Jun 5, 2012Print This Post
The New Mexico Court of Appeals upheld a ruling by the state’s Civil Rights Commission that a Christian photographer who refused to take pictures of a gay couple’s commitment ceremony violated the state’s discrimination law.
“Elane Photography may not discriminate in its commercial activities against protected classes as the basis for expressing its religious freedom,” Judge Tim Garcia wrote in a 45-page ruling.
The case dates back to 2006 when Vanessa Willock tried to hire Elane Photography for a “same-gender ceremony.” New Mexico law does not recognize either marriage or civil unions between persons of the same sex.
Elane Hugenin declined to accept the job and explained to Willock that because of their Christian beliefs the studio only handled “traditional weddings.”
In 2008 the New Mexico Human Rights Commission found Elane Photography guilty of “sexual orientation” discrimination. The studio is owned by a young Christian husband and wife who based their refusal on their religious beliefs.
The Court of Appeals determined that a photo studio is considered a public accommodation – much like a restaurant or a store. As such, the photo studio may not refuse services based on sexual orientation or gender identity – even if doing so would violate the religious principles of the owners.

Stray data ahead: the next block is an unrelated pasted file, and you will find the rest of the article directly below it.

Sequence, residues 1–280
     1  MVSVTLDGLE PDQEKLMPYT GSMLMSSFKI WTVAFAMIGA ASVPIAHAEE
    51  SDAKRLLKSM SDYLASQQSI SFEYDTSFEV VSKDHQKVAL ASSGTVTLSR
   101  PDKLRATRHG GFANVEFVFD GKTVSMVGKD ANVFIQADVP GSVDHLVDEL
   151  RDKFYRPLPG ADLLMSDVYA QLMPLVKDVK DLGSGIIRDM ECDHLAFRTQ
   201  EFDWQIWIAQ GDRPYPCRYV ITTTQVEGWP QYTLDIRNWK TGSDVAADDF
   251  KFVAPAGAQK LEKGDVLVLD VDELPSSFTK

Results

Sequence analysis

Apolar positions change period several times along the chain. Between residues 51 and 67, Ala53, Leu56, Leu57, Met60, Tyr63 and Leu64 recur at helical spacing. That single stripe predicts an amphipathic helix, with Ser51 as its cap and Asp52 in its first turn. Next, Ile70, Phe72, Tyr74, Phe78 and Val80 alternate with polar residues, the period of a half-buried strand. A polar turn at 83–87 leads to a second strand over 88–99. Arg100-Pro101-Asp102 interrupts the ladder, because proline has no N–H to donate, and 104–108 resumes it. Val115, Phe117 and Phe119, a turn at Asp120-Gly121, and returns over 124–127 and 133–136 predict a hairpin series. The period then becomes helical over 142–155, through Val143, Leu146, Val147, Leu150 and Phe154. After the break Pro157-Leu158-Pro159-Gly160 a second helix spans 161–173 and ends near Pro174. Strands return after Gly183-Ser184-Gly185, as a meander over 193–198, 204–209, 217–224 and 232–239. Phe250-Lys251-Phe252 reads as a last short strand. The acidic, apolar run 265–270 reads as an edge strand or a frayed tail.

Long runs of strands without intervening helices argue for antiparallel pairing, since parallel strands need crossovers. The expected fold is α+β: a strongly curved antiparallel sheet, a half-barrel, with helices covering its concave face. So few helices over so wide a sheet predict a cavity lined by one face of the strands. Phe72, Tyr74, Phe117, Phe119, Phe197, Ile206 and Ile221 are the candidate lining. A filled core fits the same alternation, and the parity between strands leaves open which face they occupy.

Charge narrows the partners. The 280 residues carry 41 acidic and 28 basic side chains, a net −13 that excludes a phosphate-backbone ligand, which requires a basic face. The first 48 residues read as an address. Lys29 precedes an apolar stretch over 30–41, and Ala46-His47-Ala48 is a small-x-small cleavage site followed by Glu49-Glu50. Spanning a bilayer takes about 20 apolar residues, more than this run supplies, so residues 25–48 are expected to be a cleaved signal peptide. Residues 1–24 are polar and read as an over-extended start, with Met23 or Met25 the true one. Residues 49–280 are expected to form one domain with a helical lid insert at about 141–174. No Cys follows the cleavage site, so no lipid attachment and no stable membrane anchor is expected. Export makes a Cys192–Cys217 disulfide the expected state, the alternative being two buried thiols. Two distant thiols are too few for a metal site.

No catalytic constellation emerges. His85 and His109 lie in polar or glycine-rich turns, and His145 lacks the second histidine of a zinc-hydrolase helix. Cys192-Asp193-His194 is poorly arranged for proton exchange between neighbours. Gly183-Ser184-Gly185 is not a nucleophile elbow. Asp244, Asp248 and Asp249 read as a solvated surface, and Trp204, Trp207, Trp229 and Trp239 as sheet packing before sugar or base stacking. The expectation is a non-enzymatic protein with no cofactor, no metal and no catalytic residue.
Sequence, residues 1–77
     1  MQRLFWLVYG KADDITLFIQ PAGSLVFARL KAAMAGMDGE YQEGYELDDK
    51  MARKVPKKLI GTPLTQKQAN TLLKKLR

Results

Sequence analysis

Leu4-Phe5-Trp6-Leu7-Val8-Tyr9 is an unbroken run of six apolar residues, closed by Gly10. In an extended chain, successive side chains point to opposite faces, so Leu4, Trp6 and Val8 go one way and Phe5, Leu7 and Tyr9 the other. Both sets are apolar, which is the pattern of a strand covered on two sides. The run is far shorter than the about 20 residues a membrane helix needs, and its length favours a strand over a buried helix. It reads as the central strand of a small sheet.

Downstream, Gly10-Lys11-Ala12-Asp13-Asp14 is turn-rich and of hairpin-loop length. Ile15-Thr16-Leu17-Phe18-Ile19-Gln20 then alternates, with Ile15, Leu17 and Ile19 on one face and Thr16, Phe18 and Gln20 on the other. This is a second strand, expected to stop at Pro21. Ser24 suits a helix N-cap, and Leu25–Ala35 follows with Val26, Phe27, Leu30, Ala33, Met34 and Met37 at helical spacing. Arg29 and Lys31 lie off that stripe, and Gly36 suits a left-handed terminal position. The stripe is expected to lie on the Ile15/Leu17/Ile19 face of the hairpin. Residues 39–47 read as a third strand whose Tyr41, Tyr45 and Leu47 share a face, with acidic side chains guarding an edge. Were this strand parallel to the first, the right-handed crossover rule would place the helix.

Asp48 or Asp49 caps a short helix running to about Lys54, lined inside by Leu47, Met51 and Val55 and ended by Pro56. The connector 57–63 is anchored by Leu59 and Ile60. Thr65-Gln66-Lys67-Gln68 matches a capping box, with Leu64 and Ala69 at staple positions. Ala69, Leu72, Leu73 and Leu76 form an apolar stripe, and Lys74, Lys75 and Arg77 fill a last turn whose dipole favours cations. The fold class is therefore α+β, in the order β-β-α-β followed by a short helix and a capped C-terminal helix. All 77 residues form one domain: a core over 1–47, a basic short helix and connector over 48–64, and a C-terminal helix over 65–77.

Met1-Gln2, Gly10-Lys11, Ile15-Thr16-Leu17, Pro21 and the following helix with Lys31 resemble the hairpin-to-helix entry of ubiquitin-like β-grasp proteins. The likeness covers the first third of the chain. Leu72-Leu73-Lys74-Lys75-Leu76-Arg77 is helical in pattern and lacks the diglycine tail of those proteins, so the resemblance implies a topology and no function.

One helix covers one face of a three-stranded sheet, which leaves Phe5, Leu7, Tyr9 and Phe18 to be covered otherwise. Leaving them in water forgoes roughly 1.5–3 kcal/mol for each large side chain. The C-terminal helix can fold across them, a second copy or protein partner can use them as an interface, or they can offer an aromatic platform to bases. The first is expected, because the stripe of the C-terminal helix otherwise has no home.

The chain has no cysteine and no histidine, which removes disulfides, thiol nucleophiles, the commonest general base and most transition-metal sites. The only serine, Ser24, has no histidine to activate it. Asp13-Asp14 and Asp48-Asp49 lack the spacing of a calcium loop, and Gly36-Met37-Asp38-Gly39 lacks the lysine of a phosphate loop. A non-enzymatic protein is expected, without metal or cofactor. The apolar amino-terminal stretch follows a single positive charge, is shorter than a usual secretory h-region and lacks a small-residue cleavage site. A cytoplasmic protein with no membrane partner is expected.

“The owners of Elane Photography must accept the reasonable regulations and restrictions imposed upon the conduct of their commercial enterprise despite their personal religious beliefs that may conflict with these government interests,” Garcia wrote..
The Alliance Defense Fund, a Christian legal advocacy group, represented the photography studio. They plan to appeal the ruling.
“Americans in the marketplace should not be subjected to legal attacks for simply abiding by their beliefs,” senior counsel Jordan Lorence said in a statement. “Because the Constitution prohibits the state from forcing unwilling artists to promote a message they disagree with, we will certainly appeal this decision to the New Mexico Supreme Court.”
But the court ruled that once a business offers a service publicly, they must do so “without impermissible exception.”
Elane Photography posed a hypothetical situation to support its argument – imaging what would happen if an African-American photographer refused to photograph a Ku-Klux-Klan rally because the photographer “wanted to refrain from using her photography to communicate a message that she finds deeply offensive.”
However, Judge Garcia said the argument fails as a matter of law.
“The Ku-Klux-Klan is not a protected class,” he wrote. “Sexual orientation, however, is protected.”
The court ruled that the Christian photography company must pay fines totaling nearly $7,000.
You can read the entire court decision by clicking here.